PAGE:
Southern Cross Electrical Engineering (SCEE) Group has been chosen by BHP as a construction contractor for its Village Security project in Western Australia.
SCEE will receive $15 million for upgrades to access, lighting and monitoring systems across the major miner’s accommodation villages.
Stage one of the Village Security project is worth $100 million to BHP over a 24 month period to mid-2023. The overall project is worth $300 million.
In August, BHP’s report to the inquiry into sexual harassment against women in the FIFO (fly-in, fly-out) mining industry outlined its strong stance for stamping out sexual harassment in its workplaces and how it would achieve this.
“We have taken a range of steps to work towards eradicating sexual harassment from our workplaces,” BHP stated.
“Progress has been made, but there is still more work to be done on a number of fronts.
“We are committed to a process of continual improvement. As part of that, we monitor, assess and refine the approach we are taking.”
The outlined approach includes pillars of ‘coordination and integration’, ‘expert best practice review of controls’, ‘village security’, emergency response and trauma-informed (wellbeing) care and investigations’, and ‘systems improvement’.
It was not made clear by SCEE if the security enhancements related to the inquiry.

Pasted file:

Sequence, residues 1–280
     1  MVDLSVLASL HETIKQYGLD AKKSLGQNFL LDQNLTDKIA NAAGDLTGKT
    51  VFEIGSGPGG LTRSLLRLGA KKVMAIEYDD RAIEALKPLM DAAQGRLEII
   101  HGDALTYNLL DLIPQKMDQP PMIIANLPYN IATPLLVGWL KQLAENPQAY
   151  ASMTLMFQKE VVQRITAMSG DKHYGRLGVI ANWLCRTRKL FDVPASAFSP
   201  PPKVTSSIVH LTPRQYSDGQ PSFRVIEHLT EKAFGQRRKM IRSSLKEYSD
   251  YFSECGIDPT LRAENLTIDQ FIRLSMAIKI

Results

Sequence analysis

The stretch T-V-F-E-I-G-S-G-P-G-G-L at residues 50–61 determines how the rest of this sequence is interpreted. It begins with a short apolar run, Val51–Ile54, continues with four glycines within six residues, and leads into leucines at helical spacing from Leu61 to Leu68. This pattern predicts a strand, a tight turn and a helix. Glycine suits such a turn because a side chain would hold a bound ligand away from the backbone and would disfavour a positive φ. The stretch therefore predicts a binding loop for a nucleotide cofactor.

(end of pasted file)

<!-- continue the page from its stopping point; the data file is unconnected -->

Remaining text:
The works have already commenced and call for SCEE to work across multiple disciplines.
SCEE managing director Graeme Dunn said this contract asked a significant amount of the group and the scope of works really showed what the company was capable of.
“This project is a great example of the breadth of offering the group now presents to clients following our diversification strategy of recent years,” Dunn said.
The company has origins in electrical contracting but has diversified over the past six years to cater to commercial, infrastructure, defence, telecommunications, industrial, energy and utilities work – more broadly categorised as the infrastructure, commercial and resources sectors.
The resources sector remains the smallest of the three, with revenue for the 2021 financial year of $46.2 million, compared to more than $100 million in the former two sectors.
However, SCEE has been a part of some significant projects in the past few years.
The most recent of which involved works at the Tom Price Battery Energy Storage for Spinning Reserve (BESSR) facility in Western Australia.
On the BESSR contract, Dunn said it was important that SCEE was part of the transition away from heavy carbon emitting jobs.
“As the global energy sector transitions into cleaner fossil fuels and on into renewable energy sources and storage the SCEE Group is well positioned to support this conversion to take place,” Dunn said.